- Extroversion, such as whether the person will likely be a loner or a joiner, quiet or talkative.
- Agreeableness, including whether the person will be critical or lenient, easily irritated or generally get along with everyone.
- Neuroticism, including whether the person will likely be calm or easily become worried and nervous. It also looks at whether the person easily becomes self-conscious or if they generally feel comfortable with themselves.
The DISC is also a widely used and available diagnostic. It examines four central aspects via self-reporting:
- Levels of dominance, describing how blunt and straightforward the person is when they communicate and how they view the world.
- Levels of influence, meaning how enthusiastic the person is and how likely they are to collaborate easily.
- Levels of steadiness, looking at how centered and supportive the person would be for teammates.
- Levels of conscientiousness, including the person’s objectivity and attention to details.
Either of these reports will give teams a good idea about team members’ personalities so they can create a balanced team that will maximize productivity.
Generally, you will want to have a balance of personalities that range on each of these dimensions.
For example, having some people who are very open to new ideas should be balanced with team members who are more inclined to trust prior decisions and not rehash everything.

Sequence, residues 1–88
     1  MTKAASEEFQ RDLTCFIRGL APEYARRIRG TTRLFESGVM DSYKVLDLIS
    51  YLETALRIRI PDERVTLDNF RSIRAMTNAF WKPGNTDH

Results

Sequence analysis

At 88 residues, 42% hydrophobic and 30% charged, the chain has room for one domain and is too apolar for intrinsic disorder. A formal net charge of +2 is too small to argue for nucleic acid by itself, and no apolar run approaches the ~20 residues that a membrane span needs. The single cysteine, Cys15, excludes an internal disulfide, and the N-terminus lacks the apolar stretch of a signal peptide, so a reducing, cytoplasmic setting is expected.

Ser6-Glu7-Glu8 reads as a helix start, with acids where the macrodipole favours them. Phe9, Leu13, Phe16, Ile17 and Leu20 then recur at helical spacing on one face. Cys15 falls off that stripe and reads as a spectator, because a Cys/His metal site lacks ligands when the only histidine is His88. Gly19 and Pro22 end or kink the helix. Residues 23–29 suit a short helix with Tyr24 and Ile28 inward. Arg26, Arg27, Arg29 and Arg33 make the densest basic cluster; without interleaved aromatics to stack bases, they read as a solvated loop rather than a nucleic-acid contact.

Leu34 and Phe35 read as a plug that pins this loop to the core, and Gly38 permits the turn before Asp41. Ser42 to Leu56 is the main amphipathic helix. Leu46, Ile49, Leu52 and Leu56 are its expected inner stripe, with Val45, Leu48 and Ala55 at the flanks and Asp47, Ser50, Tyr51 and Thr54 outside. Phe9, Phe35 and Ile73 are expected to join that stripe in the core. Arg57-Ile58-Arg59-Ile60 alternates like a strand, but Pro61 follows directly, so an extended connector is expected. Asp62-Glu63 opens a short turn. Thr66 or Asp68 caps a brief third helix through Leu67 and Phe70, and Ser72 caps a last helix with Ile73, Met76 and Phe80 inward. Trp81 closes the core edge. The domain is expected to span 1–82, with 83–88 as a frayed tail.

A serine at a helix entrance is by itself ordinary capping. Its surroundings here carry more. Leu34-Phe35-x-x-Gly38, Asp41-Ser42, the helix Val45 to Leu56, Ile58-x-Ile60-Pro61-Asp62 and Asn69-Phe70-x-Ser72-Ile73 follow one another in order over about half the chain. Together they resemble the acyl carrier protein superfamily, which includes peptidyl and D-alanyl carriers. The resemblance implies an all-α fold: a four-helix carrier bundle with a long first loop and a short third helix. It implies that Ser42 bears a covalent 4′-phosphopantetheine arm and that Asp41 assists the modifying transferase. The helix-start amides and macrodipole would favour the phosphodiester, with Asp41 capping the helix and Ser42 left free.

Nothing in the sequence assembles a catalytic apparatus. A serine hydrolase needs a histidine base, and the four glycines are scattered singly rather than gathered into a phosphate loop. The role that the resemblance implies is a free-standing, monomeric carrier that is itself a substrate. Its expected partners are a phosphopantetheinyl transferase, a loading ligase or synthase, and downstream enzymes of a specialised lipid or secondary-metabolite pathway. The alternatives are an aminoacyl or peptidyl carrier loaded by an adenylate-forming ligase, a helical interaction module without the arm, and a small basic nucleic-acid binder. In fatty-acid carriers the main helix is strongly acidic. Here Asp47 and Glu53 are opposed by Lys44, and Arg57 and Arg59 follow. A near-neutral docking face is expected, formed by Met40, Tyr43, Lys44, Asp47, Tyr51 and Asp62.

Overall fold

People high on conscientiousness tend to be self-disciplined, think before they act, are goal-directed and follow socially prescribed rules and norms. People who are low in conscientiousness tend to be more spontaneous and impulsive, undisciplined, disorderly and non-conforming, yet may also be more creative as they do not feel as bound by convention. You need both.
Extroverts tend to drive results, especially in groups that require guidance. But introverts excel with groups with more proactive, self-starting people. Research summarized by Francesca Gino noted “extroverted leadership was linked to significantly higher store profits when employees were passive but significantly lower store profits when employees were proactive. In stores with passive employees, those led by extroverts achieved 16% higher profits than those led by introverts. However, in stores with proactive employees, those led by extroverts achieved 14% lower profits. As expected, extroverted leadership was an advantage with passive groups, but a disadvantage with proactive groups.”
Like the other attributes, agreeableness has always been a double-edge sword. People who are agreeable are more inclined to get work done without complaining. It’s great to have everyone heads down working. However, agreeableness also means that people don’t question assumptions and don’t engage in constructive conflict when they see problems -- which isn’t good.